In today's world, human trafficking is not an isolated problem, but a growing global issue. A Kansas State University professor is studying ways that anti-trafficking groups are fighting back.
"The focus of my research is not just to say how much sex trafficking is occurring, but how forms of it are changing," said Nadia Shapkina, assistant professor of sociology, who is looking at the geography, history and economic impact of trafficking. "The sex trade has been a global industry for a long time. But now, with the globalization of technology and transportation, it is becoming even more transnationalized."
One form of the sex trade that has evolved in recent years is sex tourism, which combines aspects of tourism with the purchase of sexual services, particularly of young women. About 95 percent of sex tourists are men from wealthy countries who come to tourist destinations -- such as Greece, Thailand or Australia -- for both entertainment and sex.
"Sex trafficking delivers women to customers, but sex tourism delivers customers to the place of consumption," Shapkina said. "Sex tourism becomes a very lucrative business. Technology, communication and transportation all allow that and they enable the trafficking of women as well."
Sex tourism operations are often led by skilled businessmen who know how to appeal and advertise to middle- and upper-class men with money and resources to travel and consume sexual services. Their messages have spread worldwide, Shapkina said, pointing to the United States, where multiple cases of labor and sex trafficking have been investigated.
"It doesn't necessarily mean that the market has increased, but it might mean that authorities have started detecting this criminal practice," Shapkina said. "It is hard to estimate the size of the sex trade because it is so underground. But what we can say is that it is very transnationalized and even the U.S. is affected by this negative aspect of globalization."
The globalization of human trafficking has also led to a rise in anti-trafficking activism. Shapkina is looking at how governments, international organizations, nongovernmental organizations and celebrity activists are collaborating to combat trafficking. She is mapping out organizations to understand what kind of resources they have, how successful they are and what they can achieve.
In the process, she has noticed challenges that many activist groups face. It is often difficult to coordinate actions across national borders because legal systems and cultures vary across countries. For instance, some countries such as Saudi Arabia penalize female victims of human trafficking, while countries such as Germany take a more humanistic approach by providing services for the victims.
Similarly, Shapkina is finding that many activist organizations turn to the government for help. Sometimes the governments respond and sometimes they don't, especially if the country has a strong sex tourism presence and governments benefit from the revenues from the sex trade.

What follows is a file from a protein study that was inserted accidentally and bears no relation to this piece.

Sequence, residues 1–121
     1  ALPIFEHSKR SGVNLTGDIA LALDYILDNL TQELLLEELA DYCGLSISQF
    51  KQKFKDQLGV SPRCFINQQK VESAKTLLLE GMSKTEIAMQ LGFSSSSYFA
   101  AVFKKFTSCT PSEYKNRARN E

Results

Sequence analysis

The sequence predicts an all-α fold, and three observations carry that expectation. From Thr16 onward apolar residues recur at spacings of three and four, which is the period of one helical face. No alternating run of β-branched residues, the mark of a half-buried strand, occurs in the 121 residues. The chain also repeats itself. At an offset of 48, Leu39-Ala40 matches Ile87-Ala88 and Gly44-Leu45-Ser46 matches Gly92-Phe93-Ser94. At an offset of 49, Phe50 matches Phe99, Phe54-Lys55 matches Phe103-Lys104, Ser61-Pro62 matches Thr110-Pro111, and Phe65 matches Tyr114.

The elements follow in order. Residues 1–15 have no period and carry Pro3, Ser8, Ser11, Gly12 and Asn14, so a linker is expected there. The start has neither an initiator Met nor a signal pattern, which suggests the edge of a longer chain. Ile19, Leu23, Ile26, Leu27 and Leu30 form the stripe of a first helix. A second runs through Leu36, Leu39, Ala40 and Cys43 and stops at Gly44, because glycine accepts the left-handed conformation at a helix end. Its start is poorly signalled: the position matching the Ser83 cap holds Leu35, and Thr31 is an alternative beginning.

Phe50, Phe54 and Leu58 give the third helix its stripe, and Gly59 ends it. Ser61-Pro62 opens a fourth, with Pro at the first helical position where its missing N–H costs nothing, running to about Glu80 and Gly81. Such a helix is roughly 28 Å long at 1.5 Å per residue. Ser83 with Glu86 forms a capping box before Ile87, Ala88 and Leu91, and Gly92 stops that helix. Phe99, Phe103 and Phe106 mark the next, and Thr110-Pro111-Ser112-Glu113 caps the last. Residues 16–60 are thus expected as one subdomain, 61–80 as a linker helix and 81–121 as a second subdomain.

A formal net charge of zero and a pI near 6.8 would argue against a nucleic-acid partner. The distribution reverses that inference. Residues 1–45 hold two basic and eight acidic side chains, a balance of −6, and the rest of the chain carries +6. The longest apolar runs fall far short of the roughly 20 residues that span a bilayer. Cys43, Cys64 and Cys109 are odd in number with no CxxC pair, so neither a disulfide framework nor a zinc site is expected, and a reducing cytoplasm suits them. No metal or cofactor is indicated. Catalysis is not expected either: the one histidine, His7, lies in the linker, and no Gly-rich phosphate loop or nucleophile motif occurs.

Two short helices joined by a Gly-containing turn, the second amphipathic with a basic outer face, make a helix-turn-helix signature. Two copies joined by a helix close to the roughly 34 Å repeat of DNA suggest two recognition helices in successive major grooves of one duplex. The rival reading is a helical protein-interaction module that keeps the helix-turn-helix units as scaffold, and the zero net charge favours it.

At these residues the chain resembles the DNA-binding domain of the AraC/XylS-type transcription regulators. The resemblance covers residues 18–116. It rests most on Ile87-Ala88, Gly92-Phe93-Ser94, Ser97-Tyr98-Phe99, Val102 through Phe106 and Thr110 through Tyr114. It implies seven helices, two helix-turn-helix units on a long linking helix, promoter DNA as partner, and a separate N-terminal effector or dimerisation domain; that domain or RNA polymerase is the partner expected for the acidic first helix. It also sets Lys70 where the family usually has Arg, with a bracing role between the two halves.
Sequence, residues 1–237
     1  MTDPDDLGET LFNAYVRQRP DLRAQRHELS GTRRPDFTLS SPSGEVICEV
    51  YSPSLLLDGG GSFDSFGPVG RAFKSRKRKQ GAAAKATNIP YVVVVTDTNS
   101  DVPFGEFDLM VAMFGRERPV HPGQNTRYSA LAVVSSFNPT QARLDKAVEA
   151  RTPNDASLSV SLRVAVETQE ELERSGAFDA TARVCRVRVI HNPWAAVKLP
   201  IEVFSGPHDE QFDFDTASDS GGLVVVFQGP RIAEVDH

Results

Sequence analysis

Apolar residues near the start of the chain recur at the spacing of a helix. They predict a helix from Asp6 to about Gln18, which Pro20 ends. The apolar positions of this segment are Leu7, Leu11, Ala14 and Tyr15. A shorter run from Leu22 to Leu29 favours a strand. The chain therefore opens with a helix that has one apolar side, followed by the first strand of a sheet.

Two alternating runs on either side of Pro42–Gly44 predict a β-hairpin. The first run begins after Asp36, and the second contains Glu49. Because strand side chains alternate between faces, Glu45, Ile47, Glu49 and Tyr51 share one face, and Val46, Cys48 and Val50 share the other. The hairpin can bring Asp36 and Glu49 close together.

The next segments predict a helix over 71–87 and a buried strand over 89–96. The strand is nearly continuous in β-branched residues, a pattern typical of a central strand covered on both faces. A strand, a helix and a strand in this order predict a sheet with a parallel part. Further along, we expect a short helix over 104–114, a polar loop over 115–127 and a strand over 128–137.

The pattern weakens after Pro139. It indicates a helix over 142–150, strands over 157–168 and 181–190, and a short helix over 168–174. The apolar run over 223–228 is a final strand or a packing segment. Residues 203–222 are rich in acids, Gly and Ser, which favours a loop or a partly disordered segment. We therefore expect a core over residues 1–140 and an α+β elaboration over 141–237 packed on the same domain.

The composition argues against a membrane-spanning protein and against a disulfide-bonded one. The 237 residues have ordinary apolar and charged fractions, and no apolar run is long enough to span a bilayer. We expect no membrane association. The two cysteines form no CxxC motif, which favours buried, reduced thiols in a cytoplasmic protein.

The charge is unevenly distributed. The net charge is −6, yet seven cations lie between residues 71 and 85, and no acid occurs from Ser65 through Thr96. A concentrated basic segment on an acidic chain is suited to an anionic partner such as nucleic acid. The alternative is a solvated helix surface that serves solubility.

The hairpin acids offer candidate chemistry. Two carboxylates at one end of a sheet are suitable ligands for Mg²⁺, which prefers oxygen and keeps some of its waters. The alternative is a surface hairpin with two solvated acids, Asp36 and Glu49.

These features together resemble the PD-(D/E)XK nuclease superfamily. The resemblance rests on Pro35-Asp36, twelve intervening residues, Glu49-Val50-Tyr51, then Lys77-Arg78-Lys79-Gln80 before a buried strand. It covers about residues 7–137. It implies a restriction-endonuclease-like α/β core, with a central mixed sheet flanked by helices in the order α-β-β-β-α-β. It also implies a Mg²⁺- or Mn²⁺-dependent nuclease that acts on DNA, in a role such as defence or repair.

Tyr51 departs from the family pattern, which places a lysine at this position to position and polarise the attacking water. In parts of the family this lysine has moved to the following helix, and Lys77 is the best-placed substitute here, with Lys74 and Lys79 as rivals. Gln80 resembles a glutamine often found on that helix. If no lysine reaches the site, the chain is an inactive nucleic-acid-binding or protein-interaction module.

Allegiances also play a role in a country's willingness to criminalize human trafficking. For instance, Turkey had no presence of active anti-trafficking organizations, but when the country wanted to join the European Union it began involving nonprofit organizations to work on the problem. A similar situation is happening in Ukraine as it tries to join the European Union and has to satisfy human rights and gender equality standard policies of the union.
"I have focused on Eastern Europe because the trafficking of women has become a problem in the region," said Shapkina, who is originally from Russia. "Many nongovernmental organizations have been forming in that area, and they want to focus on human trafficking. That is very new and we need to explain what is going on there."
Shapkina is also following human trafficking in the United States, where many initial anti-trafficking campaigns focused on foreign-born populations and immigrants as victims. That led to a realization of domestic exploitation, and prompted activists to focus on domestic trafficking, especially of minors.
"Clearly, the sex trade is a social problem, especially a gender inequality problem," Shapkina said. "This is what makes this trade possible, which involves the economic disempowerment of women. That's why we need to empower women economically and politically."
Shapkina recently gave a presentation on the global sex trade at an international conference titled "Gendered Commodity Chains: Bringing Households and Women into Global Commodity Chain Analysis" at Binghamton University, which is part of the State University of New York. An article based on the conference presentation will be published in 2012. Shapkina has also written a chapter about sex tourism in Ukraine. The chapter will be published in 2012 in the book "Sex Tourism in Ukraine: A Social Problem."
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